The overkill backfire effect is a cognitive bias that causes people who encounter a complex explanation to reject it in favor of a simpler alternative, and to sometimes also reinforce their belief in the simpler alternative.
For example, if someone is presented with a complicated scientific explanation for a certain phenomenon, the overkill backfire effect could cause them to reject that explanation, and reinforce their preexisting belief in a simple but incorrect myth that is easier for them to understand.
Because this cognitive bias can influence significantly affect people’s thinking in a variety of situations, it’s important to understand it. As such, in the following article you will learn more about the overkill backfire effect, and see how you can reduce the risk that people will experience this bias when you present your stance.
Why people experience the overkill backfire effect
People experience the overkill backfire effect because we have an innate tendency to prefer explanations that are simple and consequently also easy to process from a cognitive perspective.
Accordingly, when people are faced with two explanations for a certain phenomenon, one of which is complex and difficult to process, and the other of which is simple and easy to understand, they can end up rejecting the complex explanation, even if it’s the one that better explains the phenomenon in question.
The act of evaluating both possible explanations and rejecting the more complex one can, in turn, cause people to reinforce their belief in the simpler, chosen alternative, even if all the information that they were presented with was in support of the more complex explanation.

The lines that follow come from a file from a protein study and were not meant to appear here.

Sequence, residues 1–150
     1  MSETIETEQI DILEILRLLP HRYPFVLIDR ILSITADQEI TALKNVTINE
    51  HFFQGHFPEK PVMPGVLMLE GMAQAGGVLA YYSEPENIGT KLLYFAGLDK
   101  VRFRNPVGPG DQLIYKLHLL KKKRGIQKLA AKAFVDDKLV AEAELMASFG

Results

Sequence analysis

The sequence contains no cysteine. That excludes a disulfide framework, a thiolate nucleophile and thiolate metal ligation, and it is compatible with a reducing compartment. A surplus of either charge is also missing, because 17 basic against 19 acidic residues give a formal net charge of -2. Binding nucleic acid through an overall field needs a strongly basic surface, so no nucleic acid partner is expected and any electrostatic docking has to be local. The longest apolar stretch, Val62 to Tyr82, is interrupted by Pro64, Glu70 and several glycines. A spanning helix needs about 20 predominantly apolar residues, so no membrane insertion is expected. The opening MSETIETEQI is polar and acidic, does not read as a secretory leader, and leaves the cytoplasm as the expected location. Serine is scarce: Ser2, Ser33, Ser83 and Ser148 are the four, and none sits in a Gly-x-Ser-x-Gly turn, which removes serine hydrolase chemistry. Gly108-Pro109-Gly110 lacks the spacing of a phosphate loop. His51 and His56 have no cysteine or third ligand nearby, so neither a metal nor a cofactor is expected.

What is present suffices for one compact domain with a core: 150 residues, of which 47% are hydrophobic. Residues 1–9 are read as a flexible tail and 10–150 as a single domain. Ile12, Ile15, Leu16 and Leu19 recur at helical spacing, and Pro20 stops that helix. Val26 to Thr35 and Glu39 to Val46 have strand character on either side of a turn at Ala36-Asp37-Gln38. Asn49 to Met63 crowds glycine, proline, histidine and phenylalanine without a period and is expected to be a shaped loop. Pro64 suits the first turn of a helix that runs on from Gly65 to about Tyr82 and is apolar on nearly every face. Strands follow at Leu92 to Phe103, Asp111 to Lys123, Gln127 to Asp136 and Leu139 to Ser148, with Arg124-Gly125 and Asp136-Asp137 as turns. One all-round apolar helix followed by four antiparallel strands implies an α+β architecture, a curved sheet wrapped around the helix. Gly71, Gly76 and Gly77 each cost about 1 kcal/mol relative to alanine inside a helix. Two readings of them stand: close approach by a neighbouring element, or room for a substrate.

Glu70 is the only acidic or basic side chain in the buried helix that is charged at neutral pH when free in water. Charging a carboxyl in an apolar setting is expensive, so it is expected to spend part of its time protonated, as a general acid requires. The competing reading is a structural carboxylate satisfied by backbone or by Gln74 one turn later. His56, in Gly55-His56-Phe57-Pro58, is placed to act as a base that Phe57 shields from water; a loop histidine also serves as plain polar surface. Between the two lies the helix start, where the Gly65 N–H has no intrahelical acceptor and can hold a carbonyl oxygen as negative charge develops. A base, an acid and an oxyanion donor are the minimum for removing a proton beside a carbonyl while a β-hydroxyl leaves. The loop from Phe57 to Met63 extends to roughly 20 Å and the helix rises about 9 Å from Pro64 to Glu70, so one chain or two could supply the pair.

Note that an important related concept is parsimony, a guiding principle that suggests that all things being equal, you should prefer the simplest possible explanation for a phenomenon or the simplest possible solution to a problem (a principle that is often conceptualized through Occam’s razor).
In the case of the overkill backfire effect, the principle of parsimony is misapplied, because the simplest explanation is preferred, rather than the simplest explanation that can accurately explain the phenomenon in question.
Furthermore, in the case of the overkill backfire effect, the decision to prefer the simplest explanation is driven by ‘hot’, emotional considerations, and specifically by the desire to pick the explanation that is the least cognitive taxing and the easiest to understand. Conversely, in the case of the principle of parsimony, the decision to prefer the simplest explanation is driven by ‘cold’, rational considerations, and specifically by the desire to find the most likely explanation for the phenomenon in question.
What makes an argument complex
There are two main factors that can make an explanation or an argument complex and cognitively taxing:
- First, its content can be complex. This can happen, for example, if the argument involves a large number of points or a lot of supporting evidence.
- Second, its form can be complex. This can happen, for example, if the argument’s main points are badly ordered or if the language used to convey the argument is full of technical jargon.